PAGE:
Saturday, November 7, 2015

Multiuser support in WLANs versus Cellular networks

About a year back I was reading about the physical layer design of 802.11ac networks, and I started wondering about what would be the similarities or differences between cutting edge cellular networks and WiFi networks. The reason I started thinking about this is because cellular networks seem to be gradually moving towards smaller cells (nano-cell, pico-cell designs), which are similar in RF footprint to regular WLANs.

So if these two types of networks are becoming similar, what could be the possible reasons they don't use the same physical layer mechanisms? One of the key things that stood out to me was the simultaneous multi-user mechanism used by both physical layers. LTE or WiMAX based cellular networks use OFDMA (orthogonal frequency division multipexing) while the second generation of 802.11ac networks use MU (multi-user) -MIMO.  OFDMA supports multiple independent users by separating them on subcarriers, while MU-MIMO uses a form of multiple beamforming to simultaneously transmit to clients.

From what has been usually discussed, it is believed that OFDMA is generally capable of achieving better isolation and MU-performance as compared to MUMIMO.
However, the possible reasons why this was not adapted in WLANs could be:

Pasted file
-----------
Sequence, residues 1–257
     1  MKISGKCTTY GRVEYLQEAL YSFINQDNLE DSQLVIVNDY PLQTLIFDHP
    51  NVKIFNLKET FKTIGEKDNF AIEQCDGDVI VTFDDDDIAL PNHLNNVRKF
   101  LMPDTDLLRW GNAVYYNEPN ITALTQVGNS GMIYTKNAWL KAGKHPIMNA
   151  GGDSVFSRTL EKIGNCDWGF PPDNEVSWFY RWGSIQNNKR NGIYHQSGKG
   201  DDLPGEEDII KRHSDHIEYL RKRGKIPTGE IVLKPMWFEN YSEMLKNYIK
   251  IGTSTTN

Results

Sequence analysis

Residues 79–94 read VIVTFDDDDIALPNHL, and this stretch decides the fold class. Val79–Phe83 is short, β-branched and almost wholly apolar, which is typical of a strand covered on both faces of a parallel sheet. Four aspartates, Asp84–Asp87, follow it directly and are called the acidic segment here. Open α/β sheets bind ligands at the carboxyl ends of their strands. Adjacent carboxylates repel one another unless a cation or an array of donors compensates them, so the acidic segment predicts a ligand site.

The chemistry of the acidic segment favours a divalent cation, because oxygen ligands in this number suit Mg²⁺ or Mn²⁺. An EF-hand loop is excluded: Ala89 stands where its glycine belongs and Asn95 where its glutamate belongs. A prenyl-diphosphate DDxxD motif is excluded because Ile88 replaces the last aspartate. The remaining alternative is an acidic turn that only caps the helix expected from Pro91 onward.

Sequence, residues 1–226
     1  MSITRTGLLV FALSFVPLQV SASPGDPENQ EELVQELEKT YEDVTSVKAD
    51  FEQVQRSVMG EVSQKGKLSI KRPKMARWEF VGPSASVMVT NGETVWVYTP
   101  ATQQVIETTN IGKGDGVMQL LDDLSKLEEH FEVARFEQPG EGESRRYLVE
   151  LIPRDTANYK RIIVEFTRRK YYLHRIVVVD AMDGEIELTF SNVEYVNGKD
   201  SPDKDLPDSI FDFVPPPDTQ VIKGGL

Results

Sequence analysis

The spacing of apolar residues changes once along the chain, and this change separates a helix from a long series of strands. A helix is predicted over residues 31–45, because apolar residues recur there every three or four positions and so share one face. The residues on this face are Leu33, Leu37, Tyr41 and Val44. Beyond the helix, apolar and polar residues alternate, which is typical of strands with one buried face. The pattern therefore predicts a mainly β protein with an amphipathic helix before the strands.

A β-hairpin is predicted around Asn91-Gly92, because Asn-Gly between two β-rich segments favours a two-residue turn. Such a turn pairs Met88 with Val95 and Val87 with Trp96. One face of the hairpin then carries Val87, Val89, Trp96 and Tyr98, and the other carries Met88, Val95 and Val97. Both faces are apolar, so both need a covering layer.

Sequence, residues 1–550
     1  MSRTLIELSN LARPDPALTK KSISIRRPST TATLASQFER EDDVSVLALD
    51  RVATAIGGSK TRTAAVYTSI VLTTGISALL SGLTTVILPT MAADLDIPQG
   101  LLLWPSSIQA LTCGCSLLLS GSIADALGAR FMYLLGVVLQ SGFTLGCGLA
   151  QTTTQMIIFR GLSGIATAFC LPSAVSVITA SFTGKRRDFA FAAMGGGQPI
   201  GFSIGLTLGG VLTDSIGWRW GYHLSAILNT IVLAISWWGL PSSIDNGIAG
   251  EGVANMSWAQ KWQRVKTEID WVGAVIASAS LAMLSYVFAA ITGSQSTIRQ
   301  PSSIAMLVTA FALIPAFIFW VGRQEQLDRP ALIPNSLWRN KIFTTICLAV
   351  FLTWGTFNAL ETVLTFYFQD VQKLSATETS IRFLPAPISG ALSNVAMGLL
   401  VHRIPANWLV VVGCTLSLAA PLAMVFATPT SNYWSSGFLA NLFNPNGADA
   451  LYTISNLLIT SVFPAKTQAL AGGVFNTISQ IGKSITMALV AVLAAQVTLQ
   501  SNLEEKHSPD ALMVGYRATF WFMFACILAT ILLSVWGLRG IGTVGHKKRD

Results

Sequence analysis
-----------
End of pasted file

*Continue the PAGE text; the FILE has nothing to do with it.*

1. OFDMA does well on a licensed spectrum, where there are no un-expected interferers. The OFDMA phy relies on being able to setup MAPs (or schedules) so that the entire system co-exists without anything unexpected happening. MUMIMO on the other hand works well even in an un-licensed band where you could potentially have other interferers. This mechanism works well with CSMA which is the heart of 802.11 WLANs.
  2. Another reason would possibly be backward compatibility. Switching to OFDMA would mean that older CSMA based WLANs wont be able to co-exist with newer WLANs. 
Both physical layer mechanisms are the means to achieving similar ends. However, both have their merits and operate well in their application domains. The key reason for the difference being that despite cellular networks becoming smaller in size, they still have a licensed spectrum on which they can operate.